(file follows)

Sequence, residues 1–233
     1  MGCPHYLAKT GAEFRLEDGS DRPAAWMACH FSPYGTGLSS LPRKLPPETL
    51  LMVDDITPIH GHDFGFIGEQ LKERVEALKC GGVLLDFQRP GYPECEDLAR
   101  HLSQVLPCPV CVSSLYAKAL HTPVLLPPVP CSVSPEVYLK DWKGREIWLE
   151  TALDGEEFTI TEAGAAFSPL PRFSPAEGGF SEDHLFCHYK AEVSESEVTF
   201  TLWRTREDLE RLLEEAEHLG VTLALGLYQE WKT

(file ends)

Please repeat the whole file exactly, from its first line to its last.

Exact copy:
Sequence, residues 1–233
     1  MGCPHYLAKT GAEFRLEDGS DRPAAWMACH FSPYGTGLSS LPRKLPPETL
    51  LMVDDITPIH GHDFGFIGEQ LKERVEALKC GGVLLDFQRP GYPECEDLAR
   101  HLSQVLPCPV CVSSLYAKAL HTPVLLPPVP CSVSPEVYLK DWKGREIWLE
   151  TALDGEEFTI TEAGAAFSPL PRFSPAEGGF SEDHLFCHYK AEVSESEVTF
   201  TLWRTREDLE RLLEEAEHLG VTLALGLYQE WKT